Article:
Saying 'No!' to Lethal Autonomous Targeting

TitleSaying 'No!' to Lethal Autonomous Targeting
Publication TypeJournal Article
Year of Publication2010
AuthorsSharkey, N
JournalJournal of Military Ethics
Volume9
Issue4
Pagination369-383
Date Published2010
Publication Languageeng
ISBN Number15027570
KeywordsAUTONOMOUS , Discrimination , distinction , Drones , ethics , MILITARY , proportionality , ROBOTICS
AbstractPlans to automate killing by using robots armed with lethal weapons have been a prominent feature of most US military forces' roadmaps since 2004. The idea is to have a staged move from 'man-in-the-loop' to 'man-on-the-loop' to full autonomy. While this may result in considerable military advantages, the policy raises ethical concerns with regard to potential breaches of International Humanitarian Law, including the Principle of Distinction and the Principle of Proportionality. Current applications of remote piloted robot planes or drones offer lessons about how automated weapons platforms could be misused by extending the range of legally questionable, targeted killings by security and intelligence forces. Moreover, the alleged moral disengagement by remote pilots will only be exacerbated by the use of autonomous robots. Leaders in the international community need to address the difficult legal and moral issues now, before the current mass proliferation of development reaches fruition. [ABSTRACT FROM AUTHOR]Copyright of Journal of Military Ethics is the property of Routledge and its content may not be copied or emailed to multiple sites or posted to a listserv without the copyright holder's express written permission. However, users may print, download, or email articles for individual use. This abstract may be abridged. No warranty is given about the accuracy of the copy. Users should refer to the original published version of the material for the full abstract. (Copyright applies to all Abstracts.)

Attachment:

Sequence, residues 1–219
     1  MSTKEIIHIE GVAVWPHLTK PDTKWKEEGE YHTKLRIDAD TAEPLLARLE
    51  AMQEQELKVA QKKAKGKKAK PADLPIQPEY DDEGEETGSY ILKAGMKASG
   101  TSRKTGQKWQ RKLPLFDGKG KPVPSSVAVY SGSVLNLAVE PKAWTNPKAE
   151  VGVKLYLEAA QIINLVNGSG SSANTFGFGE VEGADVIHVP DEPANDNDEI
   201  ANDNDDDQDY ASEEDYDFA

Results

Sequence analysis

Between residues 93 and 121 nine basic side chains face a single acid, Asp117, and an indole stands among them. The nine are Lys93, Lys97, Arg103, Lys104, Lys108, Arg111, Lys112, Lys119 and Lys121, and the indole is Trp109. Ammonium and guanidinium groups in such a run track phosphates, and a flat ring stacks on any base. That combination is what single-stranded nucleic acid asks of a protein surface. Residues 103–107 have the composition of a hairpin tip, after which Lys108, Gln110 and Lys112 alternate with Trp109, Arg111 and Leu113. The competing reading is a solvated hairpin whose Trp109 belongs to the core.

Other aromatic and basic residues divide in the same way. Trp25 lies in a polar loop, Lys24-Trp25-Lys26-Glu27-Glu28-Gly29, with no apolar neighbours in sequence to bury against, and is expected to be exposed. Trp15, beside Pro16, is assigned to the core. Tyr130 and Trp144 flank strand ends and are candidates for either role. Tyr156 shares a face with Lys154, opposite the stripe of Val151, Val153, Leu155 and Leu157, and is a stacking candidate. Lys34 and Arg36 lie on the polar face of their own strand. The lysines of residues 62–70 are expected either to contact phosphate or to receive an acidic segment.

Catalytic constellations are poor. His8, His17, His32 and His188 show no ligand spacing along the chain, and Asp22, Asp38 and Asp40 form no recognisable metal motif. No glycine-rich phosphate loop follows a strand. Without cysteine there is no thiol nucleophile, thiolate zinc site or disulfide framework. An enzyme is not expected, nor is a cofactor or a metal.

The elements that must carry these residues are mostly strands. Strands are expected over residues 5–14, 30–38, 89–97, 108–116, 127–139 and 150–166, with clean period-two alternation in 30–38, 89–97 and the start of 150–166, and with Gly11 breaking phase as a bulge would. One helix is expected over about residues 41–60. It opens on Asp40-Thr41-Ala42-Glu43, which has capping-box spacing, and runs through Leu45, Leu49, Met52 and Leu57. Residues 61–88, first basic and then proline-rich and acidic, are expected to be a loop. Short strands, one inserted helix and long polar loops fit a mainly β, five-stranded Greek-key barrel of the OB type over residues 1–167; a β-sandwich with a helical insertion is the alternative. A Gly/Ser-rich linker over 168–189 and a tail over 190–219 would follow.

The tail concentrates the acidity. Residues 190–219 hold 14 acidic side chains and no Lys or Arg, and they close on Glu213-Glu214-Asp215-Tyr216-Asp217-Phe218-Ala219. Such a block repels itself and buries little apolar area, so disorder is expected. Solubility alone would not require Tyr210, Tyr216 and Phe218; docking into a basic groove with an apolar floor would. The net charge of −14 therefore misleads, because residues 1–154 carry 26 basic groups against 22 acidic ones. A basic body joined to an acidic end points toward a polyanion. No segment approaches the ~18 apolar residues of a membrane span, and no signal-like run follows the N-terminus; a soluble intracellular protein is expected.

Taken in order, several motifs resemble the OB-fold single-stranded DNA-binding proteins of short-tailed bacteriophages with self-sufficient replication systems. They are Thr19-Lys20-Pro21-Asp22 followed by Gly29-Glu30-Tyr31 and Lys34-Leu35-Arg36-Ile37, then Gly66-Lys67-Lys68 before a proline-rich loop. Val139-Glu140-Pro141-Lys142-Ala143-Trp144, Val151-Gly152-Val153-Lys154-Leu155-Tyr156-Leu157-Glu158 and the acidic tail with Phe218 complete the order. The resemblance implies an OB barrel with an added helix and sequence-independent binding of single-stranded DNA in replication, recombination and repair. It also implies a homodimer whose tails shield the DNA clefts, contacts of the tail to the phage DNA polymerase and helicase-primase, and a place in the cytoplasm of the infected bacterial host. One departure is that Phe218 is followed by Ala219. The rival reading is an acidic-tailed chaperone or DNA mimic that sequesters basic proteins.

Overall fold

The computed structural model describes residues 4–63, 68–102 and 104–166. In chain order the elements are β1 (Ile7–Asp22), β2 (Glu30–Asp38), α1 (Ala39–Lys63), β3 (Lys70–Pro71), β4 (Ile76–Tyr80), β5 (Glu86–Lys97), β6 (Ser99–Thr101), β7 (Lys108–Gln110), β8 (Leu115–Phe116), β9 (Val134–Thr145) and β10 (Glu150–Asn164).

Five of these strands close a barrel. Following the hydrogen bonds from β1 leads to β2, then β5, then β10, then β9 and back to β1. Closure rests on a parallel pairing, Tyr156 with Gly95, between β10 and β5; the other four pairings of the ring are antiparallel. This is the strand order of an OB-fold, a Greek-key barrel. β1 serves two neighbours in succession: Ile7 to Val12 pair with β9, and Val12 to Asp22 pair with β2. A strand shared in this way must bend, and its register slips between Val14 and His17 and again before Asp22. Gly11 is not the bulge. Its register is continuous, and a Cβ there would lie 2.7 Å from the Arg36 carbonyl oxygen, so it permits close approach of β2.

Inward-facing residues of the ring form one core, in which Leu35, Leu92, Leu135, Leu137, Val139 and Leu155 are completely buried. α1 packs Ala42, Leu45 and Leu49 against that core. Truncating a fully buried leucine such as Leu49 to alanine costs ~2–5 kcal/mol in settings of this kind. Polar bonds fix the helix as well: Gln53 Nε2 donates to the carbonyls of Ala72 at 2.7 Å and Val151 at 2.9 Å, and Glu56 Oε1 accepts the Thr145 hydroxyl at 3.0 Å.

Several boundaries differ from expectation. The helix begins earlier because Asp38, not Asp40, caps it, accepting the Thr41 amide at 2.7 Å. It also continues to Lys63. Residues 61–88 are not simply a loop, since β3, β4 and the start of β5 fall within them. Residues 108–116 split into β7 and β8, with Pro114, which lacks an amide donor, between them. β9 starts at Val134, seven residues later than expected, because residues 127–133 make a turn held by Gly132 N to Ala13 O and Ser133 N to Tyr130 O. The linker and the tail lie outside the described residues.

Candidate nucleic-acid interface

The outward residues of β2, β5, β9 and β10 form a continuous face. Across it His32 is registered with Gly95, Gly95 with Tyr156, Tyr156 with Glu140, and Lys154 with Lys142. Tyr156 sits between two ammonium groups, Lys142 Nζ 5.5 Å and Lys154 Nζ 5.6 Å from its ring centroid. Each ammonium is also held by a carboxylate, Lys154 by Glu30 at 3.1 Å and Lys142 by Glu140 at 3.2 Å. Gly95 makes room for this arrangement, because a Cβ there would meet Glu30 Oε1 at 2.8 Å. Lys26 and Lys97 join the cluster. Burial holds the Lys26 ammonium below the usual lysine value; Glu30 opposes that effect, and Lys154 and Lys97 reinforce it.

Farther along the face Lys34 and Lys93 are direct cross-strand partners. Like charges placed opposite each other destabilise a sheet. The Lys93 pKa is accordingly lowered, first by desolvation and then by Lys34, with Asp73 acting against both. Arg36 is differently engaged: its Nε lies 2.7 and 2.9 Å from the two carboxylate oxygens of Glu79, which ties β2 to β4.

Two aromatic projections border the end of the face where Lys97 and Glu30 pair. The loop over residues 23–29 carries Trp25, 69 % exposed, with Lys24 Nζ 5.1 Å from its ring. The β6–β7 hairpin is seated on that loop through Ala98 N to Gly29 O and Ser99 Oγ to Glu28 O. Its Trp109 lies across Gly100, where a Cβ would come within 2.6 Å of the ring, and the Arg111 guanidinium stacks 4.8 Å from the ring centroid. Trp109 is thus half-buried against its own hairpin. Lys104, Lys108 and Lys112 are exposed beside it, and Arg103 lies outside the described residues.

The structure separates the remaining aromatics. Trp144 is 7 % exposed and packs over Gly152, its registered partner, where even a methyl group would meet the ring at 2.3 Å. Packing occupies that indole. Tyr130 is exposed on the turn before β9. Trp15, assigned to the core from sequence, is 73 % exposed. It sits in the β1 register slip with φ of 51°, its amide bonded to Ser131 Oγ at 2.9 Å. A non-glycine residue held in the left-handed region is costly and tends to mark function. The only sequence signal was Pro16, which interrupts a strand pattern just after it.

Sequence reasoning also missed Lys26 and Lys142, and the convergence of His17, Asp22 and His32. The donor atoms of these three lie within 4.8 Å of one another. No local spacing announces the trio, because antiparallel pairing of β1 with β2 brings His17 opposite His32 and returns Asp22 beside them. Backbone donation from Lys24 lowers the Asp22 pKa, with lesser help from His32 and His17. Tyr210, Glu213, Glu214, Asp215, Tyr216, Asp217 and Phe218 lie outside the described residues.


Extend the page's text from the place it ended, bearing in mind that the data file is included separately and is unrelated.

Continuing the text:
NotesSHARKEY, NOEL 1; Email Address: noel@dcs.shef.ac.uk; Affiliation: 1: Department of Computer Science, University of Sheffield, UK; Source Info: Dec2010, Vol. 9 Issue 4, p369; Subject Term: ROBOTICS; Subject Term: AUTONOMOUS robots; Subject Term: MILITARY weapons; Subject Term: ETHICS; Author-Supplied Keyword: discrimination; Author-Supplied Keyword: distinction; Author-Supplied Keyword: drones; Author-Supplied Keyword: ethics; Author-Supplied Keyword: military robotics; Author-Supplied Keyword: proportionality; Author-Supplied Keyword: robotics; Number of Pages: 15p; Illustrations: 1 Chart; Document Type: Article
DOI10.1080/15027570.2010.537903

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